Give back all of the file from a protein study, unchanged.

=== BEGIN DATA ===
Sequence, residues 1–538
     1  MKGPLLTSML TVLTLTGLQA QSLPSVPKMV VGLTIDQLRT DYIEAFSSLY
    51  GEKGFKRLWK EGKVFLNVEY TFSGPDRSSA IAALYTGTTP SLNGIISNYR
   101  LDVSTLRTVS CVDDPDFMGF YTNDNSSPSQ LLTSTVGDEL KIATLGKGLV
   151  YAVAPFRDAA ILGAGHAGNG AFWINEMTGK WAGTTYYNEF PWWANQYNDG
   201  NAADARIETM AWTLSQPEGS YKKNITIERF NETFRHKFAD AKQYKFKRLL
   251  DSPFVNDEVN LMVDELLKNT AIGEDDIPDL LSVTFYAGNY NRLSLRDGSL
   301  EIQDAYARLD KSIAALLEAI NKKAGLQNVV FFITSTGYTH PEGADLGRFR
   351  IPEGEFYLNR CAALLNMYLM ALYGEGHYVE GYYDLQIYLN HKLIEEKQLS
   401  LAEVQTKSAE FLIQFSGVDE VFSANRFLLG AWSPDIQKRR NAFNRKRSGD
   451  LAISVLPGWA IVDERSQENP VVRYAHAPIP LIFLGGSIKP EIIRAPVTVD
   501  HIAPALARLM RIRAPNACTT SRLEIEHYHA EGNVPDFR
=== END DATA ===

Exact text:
Sequence, residues 1–538
     1  MKGPLLTSML TVLTLTGLQA QSLPSVPKMV VGLTIDQLRT DYIEAFSSLY
    51  GEKGFKRLWK EGKVFLNVEY TFSGPDRSSA IAALYTGTTP SLNGIISNYR
   101  LDVSTLRTVS CVDDPDFMGF YTNDNSSPSQ LLTSTVGDEL KIATLGKGLV
   151  YAVAPFRDAA ILGAGHAGNG AFWINEMTGK WAGTTYYNEF PWWANQYNDG
   201  NAADARIETM AWTLSQPEGS YKKNITIERF NETFRHKFAD AKQYKFKRLL
   251  DSPFVNDEVN LMVDELLKNT AIGEDDIPDL LSVTFYAGNY NRLSLRDGSL
   301  EIQDAYARLD KSIAALLEAI NKKAGLQNVV FFITSTGYTH PEGADLGRFR
   351  IPEGEFYLNR CAALLNMYLM ALYGEGHYVE GYYDLQIYLN HKLIEEKQLS
   401  LAEVQTKSAE FLIQFSGVDE VFSANRFLLG AWSPDIQKRR NAFNRKRSGD
   451  LAISVLPGWA IVDERSQENP VVRYAHAPIP LIFLGGSIKP EIIRAPVTVD
   501  HIAPALARLM RIRAPNACTT SRLEIEHYHA EGNVPDFR